Refugees: Who Needs Them? (2012)
Directed by: Miles Rolston | 105 minutes | documentary
Eating herring, Queen’s Day, the Sinterklaas celebration; for native Dutch this is the most normal thing in the world, but for foreign refugees textbook examples of the typical Dutch culture. Fathi, Li Zhu, Fasil, Renuka and Jigme like to delve into our habits and customs. In our country they are free to be who they are and to believe what they want to believe. It is different in their homeland. For the documentary ‘Refugees: Who Needs Them’ (2012), American filmmaker Miles Rolston closely followed the foursome for a year. He lets them discover the Netherlands and shows how they are trying to pick up the thread again in a country that is completely unknown to them. In addition, he has them talk to each other about the reason why they have fled. Because of course you don’t just leave home and hearth.
Fathi, 42, fled his native Libya twenty years ago. General Gaddafi had targeted him because as an amazigh (Berber) he is sometimes too critical of the Arab government. From Morocco he represented the interests of his people for years, until Gaddafi made life impossible for him there too. He ended up in the Netherlands via the UNHCR. Li Zhu (33) was persecuted as a follower of Falun Gong in his homeland China. After serving several years in prison, he decided to flee with his wife and newborn child. They ended up in our country via Thailand, at the invitation of the Dutch government. Li Zhu and his family ended up in Urk. Fasil Yenealem has been fighting for freedom of expression for years. As a critical journalist, he was silenced in his home country Ethiopia. Now he is trying to keep his news channel running from Amsterdam. Brother and sister Jigwe and Renuka spent 19 years in a refugee camp because they were expelled from their homeland Bhutan – a country that promotes happiness – because of their ethnic background. In Limburg they are building a new life with their parents.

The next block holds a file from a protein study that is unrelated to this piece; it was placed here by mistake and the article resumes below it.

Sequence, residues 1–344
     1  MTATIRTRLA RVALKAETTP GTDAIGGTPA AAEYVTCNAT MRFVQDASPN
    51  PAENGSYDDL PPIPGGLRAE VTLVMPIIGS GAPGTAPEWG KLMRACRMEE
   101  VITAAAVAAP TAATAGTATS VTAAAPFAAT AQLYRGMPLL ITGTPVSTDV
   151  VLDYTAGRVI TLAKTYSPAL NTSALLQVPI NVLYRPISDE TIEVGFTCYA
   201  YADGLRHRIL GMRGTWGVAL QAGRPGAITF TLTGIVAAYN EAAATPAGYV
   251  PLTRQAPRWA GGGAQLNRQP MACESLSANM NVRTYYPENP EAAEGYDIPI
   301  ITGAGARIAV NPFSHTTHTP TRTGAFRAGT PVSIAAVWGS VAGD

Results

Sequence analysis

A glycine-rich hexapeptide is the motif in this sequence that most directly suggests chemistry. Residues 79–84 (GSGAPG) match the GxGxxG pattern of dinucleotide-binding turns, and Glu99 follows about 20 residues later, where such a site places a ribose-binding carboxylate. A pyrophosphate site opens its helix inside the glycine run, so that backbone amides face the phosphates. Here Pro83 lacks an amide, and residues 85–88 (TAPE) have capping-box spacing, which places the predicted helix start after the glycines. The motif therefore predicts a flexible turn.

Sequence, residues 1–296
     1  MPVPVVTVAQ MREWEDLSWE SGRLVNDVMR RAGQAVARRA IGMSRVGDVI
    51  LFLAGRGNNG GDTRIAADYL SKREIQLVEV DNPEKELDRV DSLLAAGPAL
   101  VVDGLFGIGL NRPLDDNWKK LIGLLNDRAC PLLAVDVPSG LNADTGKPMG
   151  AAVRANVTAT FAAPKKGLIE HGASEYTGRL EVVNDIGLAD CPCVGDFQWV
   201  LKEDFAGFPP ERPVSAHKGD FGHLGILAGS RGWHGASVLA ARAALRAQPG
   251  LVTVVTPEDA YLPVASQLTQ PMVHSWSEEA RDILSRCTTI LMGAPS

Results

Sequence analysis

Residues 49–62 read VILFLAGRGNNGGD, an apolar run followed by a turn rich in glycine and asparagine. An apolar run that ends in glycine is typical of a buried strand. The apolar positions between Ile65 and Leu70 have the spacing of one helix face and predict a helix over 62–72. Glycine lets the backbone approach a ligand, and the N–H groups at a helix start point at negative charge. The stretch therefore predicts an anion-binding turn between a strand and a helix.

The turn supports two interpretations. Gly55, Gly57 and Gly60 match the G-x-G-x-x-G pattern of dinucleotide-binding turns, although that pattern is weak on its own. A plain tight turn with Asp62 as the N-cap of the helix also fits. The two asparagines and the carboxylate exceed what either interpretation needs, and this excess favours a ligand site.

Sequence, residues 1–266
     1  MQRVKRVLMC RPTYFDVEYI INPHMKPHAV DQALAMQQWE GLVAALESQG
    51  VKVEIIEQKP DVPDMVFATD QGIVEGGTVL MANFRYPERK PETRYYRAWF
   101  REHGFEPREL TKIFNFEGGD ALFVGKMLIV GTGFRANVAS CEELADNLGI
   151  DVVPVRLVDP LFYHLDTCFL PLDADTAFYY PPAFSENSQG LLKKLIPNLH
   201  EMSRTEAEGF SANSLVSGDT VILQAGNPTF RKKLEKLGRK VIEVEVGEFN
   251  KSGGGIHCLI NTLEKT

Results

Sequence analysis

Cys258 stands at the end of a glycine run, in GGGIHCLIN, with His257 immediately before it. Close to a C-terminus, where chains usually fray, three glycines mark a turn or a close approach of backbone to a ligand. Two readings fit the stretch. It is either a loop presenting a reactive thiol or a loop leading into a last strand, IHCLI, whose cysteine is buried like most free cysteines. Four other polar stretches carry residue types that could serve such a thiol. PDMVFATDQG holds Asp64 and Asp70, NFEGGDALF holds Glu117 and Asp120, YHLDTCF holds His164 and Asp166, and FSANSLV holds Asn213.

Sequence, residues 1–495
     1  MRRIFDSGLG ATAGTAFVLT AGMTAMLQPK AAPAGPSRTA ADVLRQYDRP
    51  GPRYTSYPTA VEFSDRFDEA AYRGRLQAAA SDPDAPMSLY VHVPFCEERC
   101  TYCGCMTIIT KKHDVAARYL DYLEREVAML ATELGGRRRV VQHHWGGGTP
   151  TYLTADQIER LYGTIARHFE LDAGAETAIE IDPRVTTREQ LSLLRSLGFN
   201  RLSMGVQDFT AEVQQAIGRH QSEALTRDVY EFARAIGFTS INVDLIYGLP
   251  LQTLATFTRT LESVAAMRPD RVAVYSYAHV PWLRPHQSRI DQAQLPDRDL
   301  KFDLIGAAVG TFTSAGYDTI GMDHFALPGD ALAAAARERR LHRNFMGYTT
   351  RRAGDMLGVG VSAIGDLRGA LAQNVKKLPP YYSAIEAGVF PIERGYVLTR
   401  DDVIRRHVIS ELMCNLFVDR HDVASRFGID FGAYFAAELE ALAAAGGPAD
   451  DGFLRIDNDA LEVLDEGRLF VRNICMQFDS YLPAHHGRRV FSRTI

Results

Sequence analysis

At a time when immigration is hotly debated across Europe, Refugees: Who Needs Them? a glimpse into the world of these (political) refugees. People that the Dutch government itself has brought here. “As long as people adapt and try to make something of their lives, they are welcome,” said immigration minister Gerd Leers. The documentary dares to ask critical questions. After all, to what extent have the European countries, which are now raving so much about immigrants, themselves contributed to the situation in countries such as Libya and Ethiopia? Shouldn’t we have intervened when we saw that things were getting out of hand? And if China were not such an important trading partner, would countries like the Netherlands and Germany dare to express harsher criticisms of the violation of human rights? The documentary doesn’t really provide answers, but Roston dares to ask the questions. In addition, he gives the floor to representatives of numerous organizations about the refugee issue. It should be noted, however, that it is mainly advocates who can have their say extensively, to emphasize that we really need refugees and the knowledge and talents they bring with them.
The rather one-sided approach is therefore a point of criticism, as is the messy editing. Certainly in the beginning, the film jumps from one topic to the next, only to settle down somewhat when the individual stories of the five main characters are told. Once the focus is on the refugees themselves, the documentary is a lot calmer for the eyes and ears and therefore more pleasant to watch. Refugees: Who Needs Them was made with the best of intentions and the stories of Fathi, Li Zhu, Fasil, Renuka and Jigwe are gripping. The film is just a bit on the one-sided side and technically this subject deserved more attention.